Analysis: Landmark Court Opinion Turns Environmental Regulation In PA Upside Down
It’s dangerous to do an analysis of a 162-page court opinion in 24 hours, but the decision Thursday by the PA Supreme Court declaring the preemption of local regulation under the Act 13 Marcellus Shale drilling law unconstitutional is clearly a landmark by any definition. Many environmental law experts say it has the potential to turn the way environmental impacts are regulated in Pennsylvania upside down.
By giving counties, townships and boroughs the broad authority to set their own environmental standards through zoning and other controls under Article I, Section 27 of Pennsylvania’s Constitution-- the Environmental Rights Amendment-- the impact of the opinion will not just be felt by the oil and gas industry.
Environmental standards for power plants, landfills, hazardous waste facilities, biosolids application, farm operations, mining and much more would still be set by DEP, but now could also be set by local governments if they choose and more easily challenged by citizens given the sweeping language in the opinion.
As a result, some say, Pennsylvania could have 2,500 mini-DEP’s setting different, more stringent, environmental standards and development and impact fees in the state which pleases some and worries others.
Several other environmental statutes also preempt municipal regulation in one way or another, either explicitly or as a result of earlier court decisions. As a result, their legal status may be in doubt as a result of the opinion.
Those laws include: the Air Pollution Control Act, the Solid Waste Management Act, the Nutrient Management Act and the Agriculture and the Communities and Rural Environment Act (ACRE).
The opinion also seems to give citizens and groups the ability to challenge directly any state environmental standard as being inadequate in at least three other ways: through their local governments, potentially through pre-enforcement review of state environmental regulations or in cases involving environmental justice concerns.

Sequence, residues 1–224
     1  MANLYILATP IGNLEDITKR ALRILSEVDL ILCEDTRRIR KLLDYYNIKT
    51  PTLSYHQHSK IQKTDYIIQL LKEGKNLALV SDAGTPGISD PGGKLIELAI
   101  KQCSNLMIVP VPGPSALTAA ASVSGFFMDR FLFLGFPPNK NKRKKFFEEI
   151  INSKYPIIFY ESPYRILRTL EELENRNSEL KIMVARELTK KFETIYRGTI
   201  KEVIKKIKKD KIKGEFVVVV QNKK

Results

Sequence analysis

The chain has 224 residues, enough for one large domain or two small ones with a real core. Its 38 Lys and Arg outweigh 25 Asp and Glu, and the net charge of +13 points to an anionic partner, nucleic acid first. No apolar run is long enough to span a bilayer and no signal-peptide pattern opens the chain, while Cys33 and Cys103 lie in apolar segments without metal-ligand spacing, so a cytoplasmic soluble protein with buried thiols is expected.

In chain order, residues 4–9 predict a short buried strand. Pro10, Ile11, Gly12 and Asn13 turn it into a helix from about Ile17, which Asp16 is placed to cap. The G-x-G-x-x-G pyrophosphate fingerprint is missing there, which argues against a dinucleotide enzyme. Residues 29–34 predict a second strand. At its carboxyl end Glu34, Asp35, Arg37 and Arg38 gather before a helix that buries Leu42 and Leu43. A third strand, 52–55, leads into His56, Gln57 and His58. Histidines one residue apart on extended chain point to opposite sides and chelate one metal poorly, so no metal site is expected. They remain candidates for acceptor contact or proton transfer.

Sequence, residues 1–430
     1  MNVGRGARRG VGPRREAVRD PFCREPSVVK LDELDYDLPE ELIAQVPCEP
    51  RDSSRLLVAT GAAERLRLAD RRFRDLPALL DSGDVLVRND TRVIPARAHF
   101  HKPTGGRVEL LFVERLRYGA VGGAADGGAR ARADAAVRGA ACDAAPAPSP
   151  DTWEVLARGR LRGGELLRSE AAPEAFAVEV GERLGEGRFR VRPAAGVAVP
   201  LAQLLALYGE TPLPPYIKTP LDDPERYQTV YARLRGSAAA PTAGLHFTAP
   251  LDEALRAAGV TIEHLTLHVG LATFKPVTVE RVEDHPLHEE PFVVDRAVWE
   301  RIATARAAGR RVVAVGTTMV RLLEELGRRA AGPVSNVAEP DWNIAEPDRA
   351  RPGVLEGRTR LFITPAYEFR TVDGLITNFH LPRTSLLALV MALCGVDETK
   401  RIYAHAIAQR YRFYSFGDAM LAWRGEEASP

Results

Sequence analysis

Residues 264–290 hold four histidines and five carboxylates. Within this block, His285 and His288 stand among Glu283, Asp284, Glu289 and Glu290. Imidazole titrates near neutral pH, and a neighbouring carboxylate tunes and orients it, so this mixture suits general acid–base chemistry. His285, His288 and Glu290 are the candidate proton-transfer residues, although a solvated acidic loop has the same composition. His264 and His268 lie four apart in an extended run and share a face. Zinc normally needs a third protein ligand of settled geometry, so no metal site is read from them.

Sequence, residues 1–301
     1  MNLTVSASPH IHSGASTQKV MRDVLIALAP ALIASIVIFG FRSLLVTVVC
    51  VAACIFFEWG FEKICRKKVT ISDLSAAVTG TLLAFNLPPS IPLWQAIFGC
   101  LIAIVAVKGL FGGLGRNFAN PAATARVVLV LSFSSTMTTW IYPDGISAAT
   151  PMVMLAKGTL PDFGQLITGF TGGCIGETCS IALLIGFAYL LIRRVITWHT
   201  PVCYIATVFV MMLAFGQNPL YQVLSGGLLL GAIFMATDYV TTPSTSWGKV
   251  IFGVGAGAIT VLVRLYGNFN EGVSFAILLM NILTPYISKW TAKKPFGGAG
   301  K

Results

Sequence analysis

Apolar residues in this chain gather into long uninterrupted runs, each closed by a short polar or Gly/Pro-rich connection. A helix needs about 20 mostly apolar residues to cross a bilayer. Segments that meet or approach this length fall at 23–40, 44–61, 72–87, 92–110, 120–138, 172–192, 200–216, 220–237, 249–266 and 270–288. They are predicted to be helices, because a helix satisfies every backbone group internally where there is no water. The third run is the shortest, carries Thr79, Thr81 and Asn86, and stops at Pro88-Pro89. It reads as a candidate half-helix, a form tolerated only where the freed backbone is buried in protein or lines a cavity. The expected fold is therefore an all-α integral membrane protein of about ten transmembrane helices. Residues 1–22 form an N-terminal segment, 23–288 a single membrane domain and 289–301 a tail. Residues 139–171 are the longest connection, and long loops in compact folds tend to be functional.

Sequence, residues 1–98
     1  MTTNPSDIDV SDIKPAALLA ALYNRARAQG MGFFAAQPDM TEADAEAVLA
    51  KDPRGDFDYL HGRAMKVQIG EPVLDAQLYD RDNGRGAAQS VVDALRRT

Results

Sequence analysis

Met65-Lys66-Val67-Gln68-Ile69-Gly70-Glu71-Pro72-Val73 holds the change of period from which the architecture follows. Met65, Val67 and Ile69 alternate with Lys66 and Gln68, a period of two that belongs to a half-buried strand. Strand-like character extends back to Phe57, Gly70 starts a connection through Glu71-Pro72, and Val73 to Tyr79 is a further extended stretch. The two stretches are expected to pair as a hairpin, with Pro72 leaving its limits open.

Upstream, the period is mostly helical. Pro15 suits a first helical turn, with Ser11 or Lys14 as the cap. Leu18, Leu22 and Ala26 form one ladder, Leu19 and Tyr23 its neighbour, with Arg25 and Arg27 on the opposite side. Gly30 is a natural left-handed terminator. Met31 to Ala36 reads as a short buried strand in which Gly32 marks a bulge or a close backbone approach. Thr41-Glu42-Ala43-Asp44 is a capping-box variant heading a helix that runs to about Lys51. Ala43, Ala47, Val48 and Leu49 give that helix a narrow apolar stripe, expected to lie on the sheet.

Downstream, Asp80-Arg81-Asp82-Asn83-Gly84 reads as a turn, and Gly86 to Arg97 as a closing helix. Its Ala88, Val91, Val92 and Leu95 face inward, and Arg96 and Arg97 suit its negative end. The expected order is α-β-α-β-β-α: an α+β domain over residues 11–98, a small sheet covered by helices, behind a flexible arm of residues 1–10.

In addition, more traditional local challenges to zoning and land development ordinances and decisions could be expanded to include other environmental requirements and standards since the Court gave municipalities the authority to set their own.
In the near future, the Court opinion will have an impact on portions of DEP’s proposed revisions to Chapter 78 drilling regulations required by Act 13 since they implement the setback provisions and the requirement for DEP to evaluate the impact on public resources struck down as unconstitutional by the opinion.
The opinion would also allow counties and municipalities to adopt their own environmental standards to cover drilling on State Forest Land, rather than relying solely on the standards set by the Department of Conservation and Natural Resources. In particular the controversy over drilling in the Loyalsock State Forest in Lycoming and Sullivan counties comes to mind.
In reality, the broader application of the decision may not be felt for years as individual legal cases challenge specific statutes and litigation over specific local environmental standards work their way through the court system.
And since the Court opinion was based on the Pennsylvania Constitution, passing a new piece of legislation to modify the impact of the opinion could have limited impact. That legislation itself would then be subject to legal challenge on the same constitutional grounds and the same precedent established by the opinion, at least until the composition of the PA Supreme Court changes.
Either way, the opinion is going to generate lots of new work for environmental lawyers.
Environmental Rights Amendment Sponsor
Former Sen. Franklin Kury (D-Northumberland) and prime sponsor of the Environmental Rights Amendment legislation in 1970-71 told the Digest the Court “got it right” and he was gratified to see the Court recognized the language in the Amendment as having real meaning.
“The opinion as it relates to Article I, Section 27 is everything I hoped it would be. It took everything we did then and set a new standard for precedent,” said Kury. “Environmental laws and actions will now have to be judged against the Amendment.”
The Court’s opinion quoted from papers and other information Kury entered into the record while the Amendment was considered in the General Assembly, although he was not involved in the case in any way.
Kury is the author of “Clean Politics, Clean Streams: A Legislative Autobiography and Reflections” about his career in the General Assembly and the issues he was involved in.
“A plurality of our Supreme Court recognizes that Article I, Section 27 is actual constitutional law, and that its text matters. This is a huge step in the right direction,” said John Dernbach, a former DEP attorney, now professor at Widener Law School in Harrisburg and another source quoted in the Court’s opinion.
“This decision obviously has major consequences for Marcellus Shale development in Pennsylvania as well as Article I, Section 27. Major parts of Act 13 will need to be rewritten by the General Assembly, and there may be another round of litigation after that. But the revitalization of Article I, Section 27 may be of even greater import, even though it did command the votes of a majority. And it is impressive that the plurality framed the amendment’s relationship with other provisions of the constitution in terms of sustainable development.”
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